Humans and Landscape

Astrid E. Caseldine

University of Wales, Trinity St David. Email:

Cite this as: Caseldine, A.E. 2018 Humans and Landscape, Internet Archaeology 48.


View of the Brecon Beacons upland landscape in south Wales showing the present-day open landscape on the summit with improved land and woodland on the lower slopes. (Image: T. Driver, Crown Copyright RCAHMW, AP-2007_2737)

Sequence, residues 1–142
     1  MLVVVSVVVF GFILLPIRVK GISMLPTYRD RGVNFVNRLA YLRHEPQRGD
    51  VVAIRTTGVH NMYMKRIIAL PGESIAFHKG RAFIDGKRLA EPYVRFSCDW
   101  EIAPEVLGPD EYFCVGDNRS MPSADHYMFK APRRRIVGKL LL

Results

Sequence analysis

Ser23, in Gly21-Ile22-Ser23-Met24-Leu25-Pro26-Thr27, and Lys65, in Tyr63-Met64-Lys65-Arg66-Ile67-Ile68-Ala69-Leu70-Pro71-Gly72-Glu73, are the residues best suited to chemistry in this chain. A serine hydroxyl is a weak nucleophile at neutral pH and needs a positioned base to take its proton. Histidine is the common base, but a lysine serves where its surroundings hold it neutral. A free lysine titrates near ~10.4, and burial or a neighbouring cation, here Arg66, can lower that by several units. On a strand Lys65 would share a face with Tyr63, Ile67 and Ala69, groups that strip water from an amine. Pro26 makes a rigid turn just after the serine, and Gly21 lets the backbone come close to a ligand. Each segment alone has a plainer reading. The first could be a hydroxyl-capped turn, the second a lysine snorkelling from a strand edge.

Human activity had a significant impact on the landscape of Wales during the Iron Age and into the Romano-British period which is reflected in the palaeoenvironmental record. The effect on woodland is demonstrated in the pollen record which indicates clearance and regeneration episodes but an overall trend towards an increasingly agricultural landscape. Detailed information about crop and animal husbandry is provided by plant macrofossil and animal bone evidence which is more widely available in some areas than others. Wild resources continued to be exploited. Perception of and response to the 'natural' landscape, and to what it offered, by human communities may have been very different to that of today.

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